It seems the argument to buy a home, or not buy a home, is one of the most prevalent topics amongst real estate professionals and bloggers today. I’m not immune to the opinions myself, and I tend to remain relatively neutral on the subject, though if I had some dispensable cash I would be thinking that now may be the time to buy. Having previously written about why it is a good time to jump into the market, I want to use this space to focus on the arguments against jumping into the market…only because my aim is to provide both the points and the counter points to enable a reader to make the most educated decision.
The strongest argument against jumping into the real estate market is that the market has not yet hit the bottom. Sure there is something to be said for realizing when the bottom hits…as most economists suggest that we will not realize the bottom of the market until six months after it has been reached, but today home prices continue to fall in most sectors and there is no sign that prices will be going up anytime soon.
With home prices still on the decline, many people are reluctant to jump for fear that what they buy today at one price will be worth less tomorrow. This leaves people essentially with a high-priced depreciating asset.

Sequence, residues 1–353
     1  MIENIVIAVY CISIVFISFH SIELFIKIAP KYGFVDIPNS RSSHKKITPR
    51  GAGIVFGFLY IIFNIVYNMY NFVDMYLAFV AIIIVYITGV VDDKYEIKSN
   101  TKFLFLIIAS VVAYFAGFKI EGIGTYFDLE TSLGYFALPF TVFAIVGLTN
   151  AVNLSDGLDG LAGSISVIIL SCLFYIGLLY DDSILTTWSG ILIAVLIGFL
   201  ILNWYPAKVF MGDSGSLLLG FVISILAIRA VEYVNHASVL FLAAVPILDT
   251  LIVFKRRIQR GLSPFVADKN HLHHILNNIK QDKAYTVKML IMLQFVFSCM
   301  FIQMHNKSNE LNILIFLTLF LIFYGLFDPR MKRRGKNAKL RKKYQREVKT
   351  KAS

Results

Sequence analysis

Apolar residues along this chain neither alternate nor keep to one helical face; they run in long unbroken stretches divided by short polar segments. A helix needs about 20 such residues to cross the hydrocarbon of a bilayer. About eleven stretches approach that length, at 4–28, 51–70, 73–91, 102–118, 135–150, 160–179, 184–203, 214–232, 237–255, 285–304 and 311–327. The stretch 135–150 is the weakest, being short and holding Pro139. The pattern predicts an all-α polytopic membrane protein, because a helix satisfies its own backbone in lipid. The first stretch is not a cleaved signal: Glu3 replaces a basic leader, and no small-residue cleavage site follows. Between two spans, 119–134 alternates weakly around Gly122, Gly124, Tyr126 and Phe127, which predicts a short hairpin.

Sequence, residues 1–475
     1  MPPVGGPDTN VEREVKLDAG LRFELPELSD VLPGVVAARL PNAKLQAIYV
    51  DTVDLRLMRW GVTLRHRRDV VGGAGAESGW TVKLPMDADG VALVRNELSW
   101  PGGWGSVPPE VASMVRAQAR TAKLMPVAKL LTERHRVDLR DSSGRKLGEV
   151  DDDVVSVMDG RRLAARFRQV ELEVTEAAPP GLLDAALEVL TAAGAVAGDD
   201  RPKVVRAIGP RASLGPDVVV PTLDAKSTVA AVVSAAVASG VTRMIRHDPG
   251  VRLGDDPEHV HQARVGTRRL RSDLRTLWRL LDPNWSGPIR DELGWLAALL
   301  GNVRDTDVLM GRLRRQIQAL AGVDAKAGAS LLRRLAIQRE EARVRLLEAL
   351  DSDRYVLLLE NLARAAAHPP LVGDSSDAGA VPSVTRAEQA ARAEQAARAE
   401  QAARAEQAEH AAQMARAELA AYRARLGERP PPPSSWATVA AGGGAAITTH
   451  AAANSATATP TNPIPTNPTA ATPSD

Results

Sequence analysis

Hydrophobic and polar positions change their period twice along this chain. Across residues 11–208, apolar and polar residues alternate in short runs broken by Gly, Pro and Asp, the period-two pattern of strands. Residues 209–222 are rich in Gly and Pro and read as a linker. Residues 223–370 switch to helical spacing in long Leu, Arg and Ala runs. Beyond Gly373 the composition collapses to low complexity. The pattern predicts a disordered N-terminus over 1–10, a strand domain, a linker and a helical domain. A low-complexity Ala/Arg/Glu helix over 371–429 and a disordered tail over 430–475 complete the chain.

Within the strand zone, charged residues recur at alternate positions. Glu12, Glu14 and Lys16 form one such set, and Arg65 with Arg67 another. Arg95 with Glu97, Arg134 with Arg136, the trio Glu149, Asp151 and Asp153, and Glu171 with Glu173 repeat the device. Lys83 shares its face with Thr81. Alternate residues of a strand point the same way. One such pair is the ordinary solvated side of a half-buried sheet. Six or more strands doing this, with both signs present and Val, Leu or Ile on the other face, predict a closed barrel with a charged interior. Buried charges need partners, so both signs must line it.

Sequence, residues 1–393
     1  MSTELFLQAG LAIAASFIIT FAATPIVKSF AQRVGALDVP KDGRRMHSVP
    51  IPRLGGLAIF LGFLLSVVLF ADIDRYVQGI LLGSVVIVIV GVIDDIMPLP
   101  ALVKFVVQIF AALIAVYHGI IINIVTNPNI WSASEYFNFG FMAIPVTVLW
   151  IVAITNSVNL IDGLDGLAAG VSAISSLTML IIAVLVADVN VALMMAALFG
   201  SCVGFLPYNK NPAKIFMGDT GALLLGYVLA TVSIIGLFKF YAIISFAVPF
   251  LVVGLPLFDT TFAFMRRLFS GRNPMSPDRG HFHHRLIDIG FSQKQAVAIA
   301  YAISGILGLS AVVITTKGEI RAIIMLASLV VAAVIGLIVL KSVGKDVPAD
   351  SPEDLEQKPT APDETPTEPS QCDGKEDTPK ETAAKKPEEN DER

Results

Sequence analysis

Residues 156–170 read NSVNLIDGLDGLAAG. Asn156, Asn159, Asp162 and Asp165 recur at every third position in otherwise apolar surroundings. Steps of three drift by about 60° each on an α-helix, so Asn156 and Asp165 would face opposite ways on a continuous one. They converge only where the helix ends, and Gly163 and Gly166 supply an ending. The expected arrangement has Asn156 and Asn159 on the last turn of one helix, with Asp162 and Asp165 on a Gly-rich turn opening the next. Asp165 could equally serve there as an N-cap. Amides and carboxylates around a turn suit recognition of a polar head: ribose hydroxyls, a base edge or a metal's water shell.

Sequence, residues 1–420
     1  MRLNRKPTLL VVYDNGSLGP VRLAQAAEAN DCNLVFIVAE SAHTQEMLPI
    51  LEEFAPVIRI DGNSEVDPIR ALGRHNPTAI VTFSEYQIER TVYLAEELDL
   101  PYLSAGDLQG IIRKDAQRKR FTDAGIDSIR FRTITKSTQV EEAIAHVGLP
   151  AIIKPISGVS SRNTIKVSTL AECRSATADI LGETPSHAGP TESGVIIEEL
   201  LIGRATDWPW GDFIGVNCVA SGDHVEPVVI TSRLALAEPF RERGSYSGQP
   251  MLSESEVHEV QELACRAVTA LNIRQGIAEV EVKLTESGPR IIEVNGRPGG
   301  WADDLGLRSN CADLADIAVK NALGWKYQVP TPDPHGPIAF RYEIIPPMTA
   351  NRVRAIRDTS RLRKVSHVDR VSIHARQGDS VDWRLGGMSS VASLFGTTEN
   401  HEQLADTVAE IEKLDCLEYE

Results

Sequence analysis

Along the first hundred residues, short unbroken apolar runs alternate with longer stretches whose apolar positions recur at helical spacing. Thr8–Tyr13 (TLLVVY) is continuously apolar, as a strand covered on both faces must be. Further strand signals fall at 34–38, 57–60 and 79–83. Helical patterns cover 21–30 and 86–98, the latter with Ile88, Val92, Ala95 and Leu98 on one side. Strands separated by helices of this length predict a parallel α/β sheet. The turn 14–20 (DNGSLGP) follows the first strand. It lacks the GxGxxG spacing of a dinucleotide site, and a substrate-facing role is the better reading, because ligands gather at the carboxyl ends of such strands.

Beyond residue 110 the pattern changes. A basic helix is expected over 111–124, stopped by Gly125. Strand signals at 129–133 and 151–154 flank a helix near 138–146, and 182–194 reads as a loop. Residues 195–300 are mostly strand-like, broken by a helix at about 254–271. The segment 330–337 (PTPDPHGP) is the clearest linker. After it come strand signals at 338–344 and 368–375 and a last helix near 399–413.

If you think the sale is going to end, think again. Most economists believe that the real estate market is in for a flat-line recovery, which means once the market has hit the bottom, the market will remain flat for a period of time while people slowly begin to realize the worst may be over. How long will the flat-line will last is anybody’s guess, but many people will wait on the sidelines not wanting to be the first to jump back into the market.
How about the ability to qualify for the loan? Let’s not forget about the stricter mortgage underwriting standards either. Purchasing a home right now may not even be a possibility Do you have that down payment available? Most lenders these days want at least 20%, which can deplete badly needed cash so critical to most in a recession. Keep in mind that unemployment is still on the rise, so even if you are secure in your job, many people are hesitant to spend their cash reserves for a reason.
Finally, if you are thinking that there is a possibility of a job transfer or a move to a better school district sometime in the next five years or so, it may be best to skip the purchase as well. Unless you are an experienced real estate investor with a history of surviving the cycles of the market, purchasing a home now thinking you can sell it down the road for a profit is a bad reason to take the plunge into the housing market. Even in good markets, most real estate professionals will tell you that the best home to purchase is one that a buyer can commit to owning for at least 10 years.